The monastery was built in1640. It is called Magon or "Mother Monastery" as it is the first of a series of 18 built in this area. Its full name is Drayab Tashi Chödzom.
After having crossed the gate and a first courtyard, we arrive at second one where we see the main temple or Dukhang. Here the Rinpoche (the superior of the monastery) is in exile in Germany whilst the monks who are reduced in numbers and do their best to restore, maintain and rebuild new buildings. We also visit the first floor chapels.
The monks show us a photograph of the old monastery and offer us some Tibetan tea and sweets in the kitchen. The building is austere which shows well that all was rebuilt as the original. By leaving the monastery we take a last glance at the city.
We then leave Drayab to take this rough road up to Chamdo junction. There is very little traffic. We pass one truck! We finally find the concrete road which meanders along the river and a rather wild valley.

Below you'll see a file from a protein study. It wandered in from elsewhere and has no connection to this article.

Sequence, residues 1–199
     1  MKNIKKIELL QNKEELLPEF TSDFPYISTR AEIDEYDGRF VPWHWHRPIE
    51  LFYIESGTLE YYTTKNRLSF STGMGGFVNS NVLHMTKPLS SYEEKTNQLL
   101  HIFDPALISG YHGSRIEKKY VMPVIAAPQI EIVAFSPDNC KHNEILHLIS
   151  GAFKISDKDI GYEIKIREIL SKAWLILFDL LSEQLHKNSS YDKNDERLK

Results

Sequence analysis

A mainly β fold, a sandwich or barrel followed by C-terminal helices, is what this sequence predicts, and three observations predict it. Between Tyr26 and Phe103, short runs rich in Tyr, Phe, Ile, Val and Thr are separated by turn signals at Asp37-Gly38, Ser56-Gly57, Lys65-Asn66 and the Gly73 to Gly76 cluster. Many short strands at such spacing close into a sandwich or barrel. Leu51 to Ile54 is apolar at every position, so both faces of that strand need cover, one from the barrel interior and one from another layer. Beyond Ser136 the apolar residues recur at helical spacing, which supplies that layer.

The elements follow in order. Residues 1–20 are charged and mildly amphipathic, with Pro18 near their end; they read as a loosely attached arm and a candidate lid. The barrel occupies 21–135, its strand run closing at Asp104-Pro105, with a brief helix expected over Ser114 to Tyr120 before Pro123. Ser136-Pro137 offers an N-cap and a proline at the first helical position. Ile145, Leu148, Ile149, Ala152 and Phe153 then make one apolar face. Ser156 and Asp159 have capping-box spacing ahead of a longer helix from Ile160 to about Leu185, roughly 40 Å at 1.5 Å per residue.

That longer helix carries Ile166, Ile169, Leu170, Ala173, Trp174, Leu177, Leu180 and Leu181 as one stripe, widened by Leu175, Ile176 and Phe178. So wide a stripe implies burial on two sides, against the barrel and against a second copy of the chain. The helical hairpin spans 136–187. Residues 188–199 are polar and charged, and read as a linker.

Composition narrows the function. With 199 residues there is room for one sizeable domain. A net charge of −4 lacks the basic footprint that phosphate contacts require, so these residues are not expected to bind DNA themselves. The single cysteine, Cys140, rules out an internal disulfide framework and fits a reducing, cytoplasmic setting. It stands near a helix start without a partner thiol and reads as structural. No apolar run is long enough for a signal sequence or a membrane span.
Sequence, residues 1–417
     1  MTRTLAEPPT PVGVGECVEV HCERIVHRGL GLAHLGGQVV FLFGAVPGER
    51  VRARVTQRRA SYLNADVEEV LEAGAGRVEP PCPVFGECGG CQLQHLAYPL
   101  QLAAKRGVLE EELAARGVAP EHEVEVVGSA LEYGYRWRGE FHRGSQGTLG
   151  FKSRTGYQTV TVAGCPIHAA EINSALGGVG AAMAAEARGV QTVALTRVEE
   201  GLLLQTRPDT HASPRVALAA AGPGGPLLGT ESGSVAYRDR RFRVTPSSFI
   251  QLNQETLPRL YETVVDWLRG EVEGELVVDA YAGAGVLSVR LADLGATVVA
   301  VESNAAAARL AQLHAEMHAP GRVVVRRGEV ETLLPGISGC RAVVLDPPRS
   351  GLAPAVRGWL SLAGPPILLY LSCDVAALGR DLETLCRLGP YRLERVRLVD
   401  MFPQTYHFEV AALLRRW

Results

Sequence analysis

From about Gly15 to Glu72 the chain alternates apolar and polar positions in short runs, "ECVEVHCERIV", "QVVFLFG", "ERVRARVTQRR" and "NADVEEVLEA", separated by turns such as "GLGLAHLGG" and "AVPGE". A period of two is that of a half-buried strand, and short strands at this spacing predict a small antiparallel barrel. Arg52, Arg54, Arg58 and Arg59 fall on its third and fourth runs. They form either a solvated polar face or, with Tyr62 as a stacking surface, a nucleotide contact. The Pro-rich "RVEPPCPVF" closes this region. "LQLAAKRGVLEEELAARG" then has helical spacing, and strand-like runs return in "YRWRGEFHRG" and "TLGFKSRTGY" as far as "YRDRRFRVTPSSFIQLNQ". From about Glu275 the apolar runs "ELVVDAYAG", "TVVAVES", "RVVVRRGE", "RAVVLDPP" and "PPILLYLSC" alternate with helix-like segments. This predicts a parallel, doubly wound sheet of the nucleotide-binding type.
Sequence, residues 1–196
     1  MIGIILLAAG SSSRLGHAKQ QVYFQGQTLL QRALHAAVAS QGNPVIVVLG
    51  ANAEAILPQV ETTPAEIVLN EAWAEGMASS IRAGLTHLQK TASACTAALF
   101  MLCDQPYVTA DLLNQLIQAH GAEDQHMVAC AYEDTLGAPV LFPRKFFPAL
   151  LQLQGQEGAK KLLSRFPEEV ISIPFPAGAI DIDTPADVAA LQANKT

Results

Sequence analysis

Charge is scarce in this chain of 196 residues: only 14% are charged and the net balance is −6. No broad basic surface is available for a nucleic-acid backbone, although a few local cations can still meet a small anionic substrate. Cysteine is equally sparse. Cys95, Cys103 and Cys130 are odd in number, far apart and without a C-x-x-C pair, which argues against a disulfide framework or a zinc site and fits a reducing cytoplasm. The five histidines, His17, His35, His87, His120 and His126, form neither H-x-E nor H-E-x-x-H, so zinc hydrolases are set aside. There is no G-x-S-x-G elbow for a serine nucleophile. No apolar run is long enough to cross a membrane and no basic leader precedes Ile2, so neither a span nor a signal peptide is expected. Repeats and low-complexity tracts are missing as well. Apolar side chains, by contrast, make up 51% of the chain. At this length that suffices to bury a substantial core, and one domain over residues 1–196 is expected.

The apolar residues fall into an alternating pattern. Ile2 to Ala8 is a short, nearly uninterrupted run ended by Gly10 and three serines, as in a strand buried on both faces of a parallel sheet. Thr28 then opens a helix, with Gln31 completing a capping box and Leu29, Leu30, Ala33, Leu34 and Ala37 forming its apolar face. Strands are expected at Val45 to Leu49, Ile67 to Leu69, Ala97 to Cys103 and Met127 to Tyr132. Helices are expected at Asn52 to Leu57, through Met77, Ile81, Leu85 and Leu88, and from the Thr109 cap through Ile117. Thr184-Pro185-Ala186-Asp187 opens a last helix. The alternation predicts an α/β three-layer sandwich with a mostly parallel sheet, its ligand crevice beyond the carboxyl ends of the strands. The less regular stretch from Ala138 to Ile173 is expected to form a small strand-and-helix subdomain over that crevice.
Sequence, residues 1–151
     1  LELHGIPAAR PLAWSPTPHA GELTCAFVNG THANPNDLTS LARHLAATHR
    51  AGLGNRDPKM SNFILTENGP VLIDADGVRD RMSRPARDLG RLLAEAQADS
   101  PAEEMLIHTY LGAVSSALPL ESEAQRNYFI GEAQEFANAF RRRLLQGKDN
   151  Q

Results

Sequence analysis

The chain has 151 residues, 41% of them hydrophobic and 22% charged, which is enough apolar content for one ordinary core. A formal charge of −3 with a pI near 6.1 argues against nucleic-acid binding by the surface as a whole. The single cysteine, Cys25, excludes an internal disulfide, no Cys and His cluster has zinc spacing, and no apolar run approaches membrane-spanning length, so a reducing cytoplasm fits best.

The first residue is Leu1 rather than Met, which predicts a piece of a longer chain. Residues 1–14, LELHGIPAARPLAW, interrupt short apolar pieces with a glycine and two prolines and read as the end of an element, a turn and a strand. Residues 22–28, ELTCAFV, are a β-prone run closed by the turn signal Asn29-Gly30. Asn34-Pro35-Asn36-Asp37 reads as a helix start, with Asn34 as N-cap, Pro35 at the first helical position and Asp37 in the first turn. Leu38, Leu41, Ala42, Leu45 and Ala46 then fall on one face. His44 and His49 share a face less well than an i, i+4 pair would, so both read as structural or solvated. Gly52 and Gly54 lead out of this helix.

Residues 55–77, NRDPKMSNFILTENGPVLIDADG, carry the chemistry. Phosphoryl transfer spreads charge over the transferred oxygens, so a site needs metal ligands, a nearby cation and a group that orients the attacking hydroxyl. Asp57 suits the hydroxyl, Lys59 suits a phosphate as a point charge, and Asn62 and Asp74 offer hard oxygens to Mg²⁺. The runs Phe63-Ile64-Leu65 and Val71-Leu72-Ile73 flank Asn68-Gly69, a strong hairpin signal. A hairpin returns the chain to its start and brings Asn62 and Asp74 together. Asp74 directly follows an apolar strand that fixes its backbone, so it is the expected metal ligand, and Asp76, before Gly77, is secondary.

We pass three villages and cement works before reaching Chamdo in the evening. The old city was located at the intersection of the Mekong and Ngom chu rivers. The modern city overflows on two other banks. The Chinese built many towers which disfigure the landscape and mask the monastery buildings.
We cross two bridges entering in the new suburbs located S-E of the city. We find rooms in a small hotel and dine in a small restaurant nearby. In evening, as on the following days, I write a report of the day and note GPS points, often under uncomfortable conditions. That takes one to two hours at least.